Saura moved to Paris in his early twenties where he begun painting in a post-Surrealistic style similar to that of Antonio Tapies, which was led by his deepening hatred for Franco and the repressed Spain due to the dictatorship. He joined a post-Surrealist group, Phases and begun painting using his well-known black and white pallet and also using reds, and it could be argued that it was during this time that Saura developed the portrayal of the 'monster' in his paintings. Saura's series' Portraits was begun around this time, beginning with his self-portraits, which do

Saura was influenced by the Spanish artist and painter of royalty, Goya, from a young age, after having visited art galleries and museums with his father as a child. Saura's Portraits series' includes some series' entirely illusory to Goya, Goya's Dog and Imaginary Portraits of Goya, in which he depicts both the imaginary Goya and his dog in his own semi-abstract style, which was dark, aggressive and almost without theme, and containing the 'monstruous' ideas that many of his other paintings do. Semi-abstractionism, which was a kind of “gestural abstractionism” style, also referred to as Action Painting (Europa de Postguerra), similar to the American Abstract Expressionism movement and the French Informalism movement, both of which Saura also had affinities with. All of these movements: Semi-abstractionism, Abstract Expressionism and Informalism involve artists painting with a powerful “sense of internalised violence”, a style that is brisk, aggressive and gloomy. As an example, Saura's La Chien de Goya (1984) incorporates this philosophy, and is a painting using his black and white colour scheme, his 'monstruous' adaptation of a 'dog' and it also stems from an “internal violence”, or a powerful emotion. Saura was particularly impressed with Goya's Cristo Crucificado (1821), and developed an immense, almost-obsessional, interest in the idea of the crucifixion, the torture and misery of what he describes as “the tragedy of a man that was absurdly nailed to a cross”. Saura was also impressed by other artists' paintings of Christ's crucifixion, such as Diego Velázquez's (1632) and he begun his Crucifixions series in 1958. The series remained one of Saura's most violent and aggressive series of all, and shows the most clear portrayal of the 'monster', too. The paintings Crucifixión (1960) and Crucifixión IX (1962) are particularly gruesome, angry and 'monstruous', whilst Crucifixión (1959-1960) depicts a cross shape complete with imprints of skeletal hands, and is also aggressive and represents brutality. It's also said that Saura includes a single eye in his 'monstruous' portrayals of crucifixions, to resemble the idea that God watches his monstruous children and society but fails to do anything about the suffering and misery that they create.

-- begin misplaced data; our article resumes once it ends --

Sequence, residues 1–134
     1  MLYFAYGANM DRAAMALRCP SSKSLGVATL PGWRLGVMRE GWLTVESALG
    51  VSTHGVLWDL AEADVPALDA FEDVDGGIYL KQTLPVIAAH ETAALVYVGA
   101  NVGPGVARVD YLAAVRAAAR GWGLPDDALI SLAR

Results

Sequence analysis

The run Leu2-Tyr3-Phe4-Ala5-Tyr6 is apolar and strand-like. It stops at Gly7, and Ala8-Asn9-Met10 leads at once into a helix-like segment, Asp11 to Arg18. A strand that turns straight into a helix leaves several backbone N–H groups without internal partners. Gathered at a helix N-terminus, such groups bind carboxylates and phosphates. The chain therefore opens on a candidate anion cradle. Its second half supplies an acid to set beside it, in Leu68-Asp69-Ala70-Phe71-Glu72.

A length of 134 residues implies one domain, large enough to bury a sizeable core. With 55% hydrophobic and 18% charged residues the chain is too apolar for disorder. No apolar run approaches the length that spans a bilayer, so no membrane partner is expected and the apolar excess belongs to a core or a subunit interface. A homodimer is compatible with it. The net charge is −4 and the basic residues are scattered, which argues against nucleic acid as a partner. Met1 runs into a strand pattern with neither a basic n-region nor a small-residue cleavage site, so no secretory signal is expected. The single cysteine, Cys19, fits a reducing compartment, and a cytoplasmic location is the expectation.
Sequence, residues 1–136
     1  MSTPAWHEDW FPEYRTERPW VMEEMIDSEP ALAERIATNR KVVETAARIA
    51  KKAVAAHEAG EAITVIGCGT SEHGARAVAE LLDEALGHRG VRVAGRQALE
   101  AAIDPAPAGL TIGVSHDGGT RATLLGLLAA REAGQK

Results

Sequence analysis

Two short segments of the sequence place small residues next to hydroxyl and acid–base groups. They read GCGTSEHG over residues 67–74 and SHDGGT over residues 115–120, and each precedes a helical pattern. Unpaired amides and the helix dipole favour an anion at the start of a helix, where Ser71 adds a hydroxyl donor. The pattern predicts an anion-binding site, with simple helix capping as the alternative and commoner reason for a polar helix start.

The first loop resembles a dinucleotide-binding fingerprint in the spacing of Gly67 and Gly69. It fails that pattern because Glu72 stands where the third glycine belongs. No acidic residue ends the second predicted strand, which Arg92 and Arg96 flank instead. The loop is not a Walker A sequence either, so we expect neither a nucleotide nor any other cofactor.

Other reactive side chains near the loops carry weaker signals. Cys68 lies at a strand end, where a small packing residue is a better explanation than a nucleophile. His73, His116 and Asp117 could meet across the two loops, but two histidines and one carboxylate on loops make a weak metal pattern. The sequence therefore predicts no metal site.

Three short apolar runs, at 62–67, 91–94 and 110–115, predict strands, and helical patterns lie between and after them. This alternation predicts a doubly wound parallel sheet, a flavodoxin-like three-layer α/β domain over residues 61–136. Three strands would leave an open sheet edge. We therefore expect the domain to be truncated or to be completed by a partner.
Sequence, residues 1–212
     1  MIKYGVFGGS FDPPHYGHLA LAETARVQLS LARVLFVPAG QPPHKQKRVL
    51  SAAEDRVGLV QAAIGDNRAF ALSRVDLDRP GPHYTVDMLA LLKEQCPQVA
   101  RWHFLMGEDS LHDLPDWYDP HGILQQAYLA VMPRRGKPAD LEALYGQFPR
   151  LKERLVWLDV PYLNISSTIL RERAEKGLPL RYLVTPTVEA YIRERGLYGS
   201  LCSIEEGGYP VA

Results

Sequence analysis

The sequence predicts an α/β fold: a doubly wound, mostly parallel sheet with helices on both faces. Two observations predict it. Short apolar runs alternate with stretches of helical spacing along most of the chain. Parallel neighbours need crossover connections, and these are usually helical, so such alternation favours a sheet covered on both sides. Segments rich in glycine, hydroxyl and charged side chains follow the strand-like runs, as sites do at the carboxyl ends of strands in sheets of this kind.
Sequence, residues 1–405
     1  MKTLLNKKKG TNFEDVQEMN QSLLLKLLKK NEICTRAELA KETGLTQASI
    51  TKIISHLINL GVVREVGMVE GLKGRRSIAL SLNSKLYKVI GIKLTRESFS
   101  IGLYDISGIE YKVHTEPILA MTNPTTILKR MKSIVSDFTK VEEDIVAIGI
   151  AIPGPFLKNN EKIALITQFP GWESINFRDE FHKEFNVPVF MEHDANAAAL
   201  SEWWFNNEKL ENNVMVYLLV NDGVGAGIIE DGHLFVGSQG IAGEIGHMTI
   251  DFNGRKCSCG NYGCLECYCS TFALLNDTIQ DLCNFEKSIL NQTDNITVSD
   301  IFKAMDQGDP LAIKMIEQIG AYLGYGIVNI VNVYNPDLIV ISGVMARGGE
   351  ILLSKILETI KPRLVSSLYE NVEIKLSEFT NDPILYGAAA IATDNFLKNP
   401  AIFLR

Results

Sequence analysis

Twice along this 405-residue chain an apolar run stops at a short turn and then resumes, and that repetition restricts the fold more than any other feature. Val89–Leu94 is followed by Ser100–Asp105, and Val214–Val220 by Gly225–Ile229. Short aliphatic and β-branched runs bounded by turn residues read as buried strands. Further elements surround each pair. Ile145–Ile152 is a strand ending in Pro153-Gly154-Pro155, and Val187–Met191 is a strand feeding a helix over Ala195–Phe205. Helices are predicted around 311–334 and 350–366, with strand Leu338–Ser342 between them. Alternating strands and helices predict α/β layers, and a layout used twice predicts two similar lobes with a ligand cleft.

Saura stated in an interview, and in several further sources, that he remained fascinated throughout his life in the idea of the 'monster' in art, in something that “grips the stomach and the heart” with a fierce passion and causes an “explosion in the mind”. Whilst Saura was fascinated with, what for him was the true beauty, one which was so intense that it produced a 'sincope', he also appreciated the more typical idea of beauty too, the kind which is 'ideal' and 'ordered' beauty, such as those by Goya, as well as by other artists who painted traditionally and realistically. Saura's paintings and his style were influenced a great deal by several avant-garde artistic movements, such as Surrealism which is the portrayal of the subconscious dreams and fears without any schematic structure of theme, Post-Surrealism which is the representation of fears and axieties in an aggressive, brisk manner, Abstract Expressionism which is the violent, aggressive technique often incorporating dark colours and rapid brushstrokes, and Informalism which is paintings which have an affinity with no particular movement but are unique to the artist and to the country the artist is from. It's due to Saura's experimenting with each of these styles, although always maintaining the image of the 'monster' in his paintings, that Saura developed his own unique, but versatile, style of paining – one which remained gloomy and aggressive and also so intense and powerful. It's apparent, also, that the witnessing of such horrific and heartbreaking events as Saura did at such a young age, such as the tortured face of a man who had been shot immediately prior to Saura seeing him, and the photographs he saw of the town of Guernica having been destroyed by bombing during the Civil War, and living in such an oppressive society with the dictator Franco, whom Saura perceived as a 'monster' himself and his regime that Saura disliked with a powerful and an immense passion, as well as with the torment, anxiety and the misery of being so seriously ill were major factors that influenced his painting style – the aggressive, gloomy, tortured style which was uniquely Saura's own, with such an obsession with the 'monster' and his attempt at creating a beauty that is so intense that it grips the stomach and the heart and produces a powerful “mind-blowing” affect with its passion.